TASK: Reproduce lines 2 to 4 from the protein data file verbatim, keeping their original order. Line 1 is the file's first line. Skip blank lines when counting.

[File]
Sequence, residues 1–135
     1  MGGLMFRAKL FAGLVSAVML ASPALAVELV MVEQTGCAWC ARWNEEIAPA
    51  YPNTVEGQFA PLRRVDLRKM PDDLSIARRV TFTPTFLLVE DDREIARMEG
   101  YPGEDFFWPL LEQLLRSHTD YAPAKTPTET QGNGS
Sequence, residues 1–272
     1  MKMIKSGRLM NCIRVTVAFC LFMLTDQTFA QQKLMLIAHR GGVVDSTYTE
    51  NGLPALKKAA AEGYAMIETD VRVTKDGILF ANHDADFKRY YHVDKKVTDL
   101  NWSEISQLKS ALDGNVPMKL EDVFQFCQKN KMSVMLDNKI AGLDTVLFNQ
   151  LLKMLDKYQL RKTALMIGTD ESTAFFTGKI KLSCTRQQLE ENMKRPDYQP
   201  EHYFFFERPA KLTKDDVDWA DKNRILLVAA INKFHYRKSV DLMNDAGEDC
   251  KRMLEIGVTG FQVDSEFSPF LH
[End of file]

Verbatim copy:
     1  MGGLMFRAKL FAGLVSAVML ASPALAVELV MVEQTGCAWC ARWNEEIAPA
    51  YPNTVEGQFA PLRRVDLRKM PDDLSIARRV TFTPTFLLVE DDREIARMEG
   101  YPGEDFFWPL LEQLLRSHTD YAPAKTPTET QGNGS